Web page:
Giving Reasons in the Post-Dunsmuir Era
Chauffeur Permit Refusals: How Detailed Must the Reasons Be?
The British Columbia Supreme Court has recently released two decisions addressing the sufficiency of the reasons provided by Surrey City Council in its dismissal of two appeal applications for chauffeur permits.
The facts in each case are straightforward. In the first case, Ahmed v. Surrey (City), 2011 BCSC 694 [Ahmed], released May 31, 2011, Council upheld the RCMP’s refusal of Mr. Ahmed’s chauffeur permit renewal application. Rather than issuing reasons for its decision, Council simply provided the applicant with an extract of the minutes of the appeal. In assessing the sufficiency of Council’s reasons the Court noted (at para. 18) that “one would expect rather more by way of reasons from the Council than what was delivered”. However, the Court was nonetheless prepared to accept Council’s reasons as sufficient, because when taken with the record of evidence heard on appeal, the minutes clearly indicated the issues that were troubling the RCMP and Council.
In the second case, Johal v. Surrey (City) 2011 BCSC 710 [Johal], released June 6, 2011, Council also upheld the RCMP’s refusal of Mr. Johal’s chauffeur permit renewal application. However, in this case, Council gave no reasons per se for its disposition of the applicant’s appeal, nor did it provide the applicant with an extract of the minutes of the appeal. Instead, Council simply informed the applicant that it had resolved to uphold the RCMP’s initial refusal decision. In this case, the Court held that Council was required to actually provide basic reasons explaining its decision and therefore returned the matter to Council with a direction that it provide adequate reasons for its decision (the court was not, however, prepared to articulate what would constitute “adequate” reasons).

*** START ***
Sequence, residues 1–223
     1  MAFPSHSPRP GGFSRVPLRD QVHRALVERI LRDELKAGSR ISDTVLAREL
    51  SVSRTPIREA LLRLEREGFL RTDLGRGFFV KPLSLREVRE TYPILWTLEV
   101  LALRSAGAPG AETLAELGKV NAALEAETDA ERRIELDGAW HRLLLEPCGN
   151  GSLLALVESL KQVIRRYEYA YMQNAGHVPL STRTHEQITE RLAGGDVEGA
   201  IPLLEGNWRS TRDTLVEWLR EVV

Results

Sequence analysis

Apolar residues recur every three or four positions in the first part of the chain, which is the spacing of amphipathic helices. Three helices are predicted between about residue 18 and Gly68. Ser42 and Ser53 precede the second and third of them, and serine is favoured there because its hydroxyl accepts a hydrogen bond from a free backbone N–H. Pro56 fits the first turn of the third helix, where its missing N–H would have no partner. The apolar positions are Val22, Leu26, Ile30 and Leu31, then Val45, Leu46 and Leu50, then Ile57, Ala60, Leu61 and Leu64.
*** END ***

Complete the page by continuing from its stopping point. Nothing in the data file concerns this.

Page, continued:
The outcomes in these two decisions can be reconciled by distinguishing the facts in each case. For example, in Ahmed, the minutes of the hearing were provided to the applicant and stood for Council’s reasons. Ultimately, the Court found that Council’s actual reasons for its decision were apparent from the Court’s examination of the whole of the record, which included the RCMP’s recommendations, as well as a staff report outlining Mr. Ahmed’s traffic violations. However, in Johal, Council simply indicated that it was upholding the initial refusal decision without providing any explanation as to why it was upholding that decision. The difficulty in Johal was that the RCMP’s initial refusal decision was founded on information (e.g. alleged criminal convictions) that was later found to be materially incorrect. Although the evidence at trial showed that there was additional information before Council pertaining to the applicant’s criminal history and traffic violations that may have justified Council’s decision, Council’s failure to provide this information to the applicant resulted in a finding that Council’s reasons were insufficient.
To date, the case law has clearly recognized that municipal councils are not Courts of law, and as such, their reasons will not be scrutinized with the same criteria as judicial reasons. However, councils are still required to act reasonably. This notion of reasonableness applies not only to the outcome of the decision, but also to the existence of justification, transparency and intelligibility within the decision making process. Therefore, it would be prudent for councils to take care when cancelling, suspending or not renewing permits and business licences to ensure that either basic reasons are provided or the evidence on the record warranting their decisions is articulated to the applicant in a transparent manner. Such transparency is especially important given the significant effect these decisions have on the applicants’ livelihoods.
Valkyrie Law Group LLP